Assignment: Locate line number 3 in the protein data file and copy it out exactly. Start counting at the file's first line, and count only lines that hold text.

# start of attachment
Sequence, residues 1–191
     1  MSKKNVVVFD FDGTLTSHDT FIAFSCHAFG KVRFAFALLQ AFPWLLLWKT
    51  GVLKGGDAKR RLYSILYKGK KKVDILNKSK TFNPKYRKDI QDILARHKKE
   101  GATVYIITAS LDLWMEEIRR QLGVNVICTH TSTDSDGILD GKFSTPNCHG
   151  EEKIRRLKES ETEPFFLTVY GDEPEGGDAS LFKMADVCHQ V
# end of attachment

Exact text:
    51  GVLKGGDAKR RLYSILYKGK KKVDILNKSK TFNPKYRKDI QDILARHKKE